But Foucault’s concept of parrhēsia is, actually, quite unsatisfactory to capture what is at stake here. A quick way of stating why is that Foucault repeatedly and insistently needs to separate parrhēsia into a good form and a bad form, the good form being the kind of speaking out that is associated with a famous and seductive image of Foucault himself addressing a crowd through a megaphone; and the bad form being consistently associated by him with rhetoric and sophistry. This attempt to distinguish a good form of parrhēsia from a bad obviously opens a question about parrhēsia “itself,” as it were, prior to its distinction into these good and bad forms. And this will mean that Foucault’s analysis founders on a simple fact — that Foucault mentions in passing but never satisfactorily deals with — namely, that parrhēsia is the name of a rhetorical figure, a name, in Quintilian, for example, for the figure of rhetoric that claims to eschew all rhetoric and presents itself as the plain unvarnished truth. Far from being a philosophical answer to politics, or the ground on which the philosopher can occupy a salutary position of robust and recalcitrant exteriority with respect to politics (which is what Foucault wants from it), parrhēsia describes the basic rhetorical figure of politics itself in its politics. In other words, it reiterates the eminently metaphysical claim (boldly or baldly made by every politician ever, of whatever persuasion) to be simply speaking the plain truth in the absence of rhetoric.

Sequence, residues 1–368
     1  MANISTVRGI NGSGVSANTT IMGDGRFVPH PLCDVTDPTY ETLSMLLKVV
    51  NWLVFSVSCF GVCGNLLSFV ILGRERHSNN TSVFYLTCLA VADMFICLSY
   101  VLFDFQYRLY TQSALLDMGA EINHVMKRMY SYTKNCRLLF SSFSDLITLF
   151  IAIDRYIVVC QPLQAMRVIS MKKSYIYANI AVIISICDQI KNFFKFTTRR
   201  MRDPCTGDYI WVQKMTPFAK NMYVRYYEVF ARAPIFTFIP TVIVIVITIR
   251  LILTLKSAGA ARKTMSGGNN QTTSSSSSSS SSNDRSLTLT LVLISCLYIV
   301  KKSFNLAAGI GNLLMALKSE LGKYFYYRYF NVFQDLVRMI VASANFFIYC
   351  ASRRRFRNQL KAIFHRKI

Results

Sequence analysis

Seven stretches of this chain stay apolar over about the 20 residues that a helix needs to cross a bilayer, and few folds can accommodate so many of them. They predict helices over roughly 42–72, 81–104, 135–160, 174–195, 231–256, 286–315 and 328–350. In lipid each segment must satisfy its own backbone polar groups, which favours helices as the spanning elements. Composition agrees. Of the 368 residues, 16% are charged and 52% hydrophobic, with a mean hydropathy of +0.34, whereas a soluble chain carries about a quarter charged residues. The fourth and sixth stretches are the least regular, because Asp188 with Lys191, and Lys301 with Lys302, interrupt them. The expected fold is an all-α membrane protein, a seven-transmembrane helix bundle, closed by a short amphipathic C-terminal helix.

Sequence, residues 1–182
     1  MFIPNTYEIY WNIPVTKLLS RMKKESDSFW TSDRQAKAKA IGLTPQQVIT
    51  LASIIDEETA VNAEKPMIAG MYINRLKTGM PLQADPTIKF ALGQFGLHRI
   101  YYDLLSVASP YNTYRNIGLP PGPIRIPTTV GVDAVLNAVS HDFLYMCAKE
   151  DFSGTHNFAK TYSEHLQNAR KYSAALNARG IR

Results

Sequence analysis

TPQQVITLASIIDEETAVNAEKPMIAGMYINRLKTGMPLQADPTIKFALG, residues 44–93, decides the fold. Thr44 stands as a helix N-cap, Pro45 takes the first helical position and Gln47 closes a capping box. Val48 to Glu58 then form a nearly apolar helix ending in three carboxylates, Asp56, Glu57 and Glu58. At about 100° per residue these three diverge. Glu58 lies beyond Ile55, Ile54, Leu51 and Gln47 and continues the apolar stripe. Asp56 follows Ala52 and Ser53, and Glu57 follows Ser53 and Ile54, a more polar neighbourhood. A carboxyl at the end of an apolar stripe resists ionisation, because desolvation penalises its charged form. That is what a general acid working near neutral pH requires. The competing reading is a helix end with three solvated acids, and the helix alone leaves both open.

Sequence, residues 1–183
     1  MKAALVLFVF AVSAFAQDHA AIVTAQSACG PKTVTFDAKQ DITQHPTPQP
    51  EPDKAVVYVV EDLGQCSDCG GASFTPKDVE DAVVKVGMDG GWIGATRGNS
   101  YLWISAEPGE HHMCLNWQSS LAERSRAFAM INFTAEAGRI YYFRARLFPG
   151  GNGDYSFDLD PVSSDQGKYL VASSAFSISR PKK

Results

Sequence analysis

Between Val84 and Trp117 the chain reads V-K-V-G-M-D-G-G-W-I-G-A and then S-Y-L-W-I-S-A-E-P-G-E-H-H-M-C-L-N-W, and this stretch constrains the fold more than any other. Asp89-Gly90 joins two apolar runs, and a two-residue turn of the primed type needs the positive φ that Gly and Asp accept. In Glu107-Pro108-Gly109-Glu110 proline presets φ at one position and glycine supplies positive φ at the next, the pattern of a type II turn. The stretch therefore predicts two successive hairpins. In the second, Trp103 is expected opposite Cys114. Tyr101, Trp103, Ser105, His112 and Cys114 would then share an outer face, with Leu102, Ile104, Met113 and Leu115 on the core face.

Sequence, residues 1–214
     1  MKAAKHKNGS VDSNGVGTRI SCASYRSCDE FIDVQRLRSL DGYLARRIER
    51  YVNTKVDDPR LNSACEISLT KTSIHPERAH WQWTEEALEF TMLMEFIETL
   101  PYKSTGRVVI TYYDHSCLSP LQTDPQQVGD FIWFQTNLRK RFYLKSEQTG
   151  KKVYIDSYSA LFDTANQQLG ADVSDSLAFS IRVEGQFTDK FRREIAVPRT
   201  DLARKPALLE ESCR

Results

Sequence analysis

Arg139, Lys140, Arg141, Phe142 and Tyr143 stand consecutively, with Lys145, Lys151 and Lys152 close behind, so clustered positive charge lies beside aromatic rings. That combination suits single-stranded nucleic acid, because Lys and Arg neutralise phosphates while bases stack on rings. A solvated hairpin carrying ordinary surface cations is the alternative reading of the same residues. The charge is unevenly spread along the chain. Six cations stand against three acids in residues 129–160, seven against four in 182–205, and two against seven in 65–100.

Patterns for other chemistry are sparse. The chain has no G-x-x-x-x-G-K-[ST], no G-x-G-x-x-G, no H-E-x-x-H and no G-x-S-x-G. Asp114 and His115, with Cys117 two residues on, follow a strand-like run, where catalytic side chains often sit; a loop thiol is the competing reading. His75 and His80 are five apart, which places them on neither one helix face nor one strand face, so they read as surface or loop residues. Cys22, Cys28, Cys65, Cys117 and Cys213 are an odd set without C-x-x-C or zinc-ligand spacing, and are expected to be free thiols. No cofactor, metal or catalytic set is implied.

This means that achieving the desired position of exteriority, of truth, with respect to politics and rhetoric is not going to be so easy (if parrhēsia itself is a figure of rhetoric, it will follow that rhetoric — like a Moebius strip — has no outside), and that by the same token politics has no outside. This does not mean that it is simple or homogeneous, but that it is constitutively doubled up on itself. Again: politics is always already the politics of politics.
Political philosophy, that rather disreputable, not very philosophical branch of philosophy (as Giorgio Agamben and Leo Strauss agree), has always wanted to get out of politics, to put an end to this politics of politics, by finally speaking its truth, indulging in that undecidable entanglement of teleology and the death-drive that defines philosophy as such — so that, for a quick and easy example, the best image of Kant’s “Perpetual Peace” might always be that of a graveyard. But if politics is constitutively the politics of politics, then this ambition is compromised, and political philosophy needs to be quite radically rethought.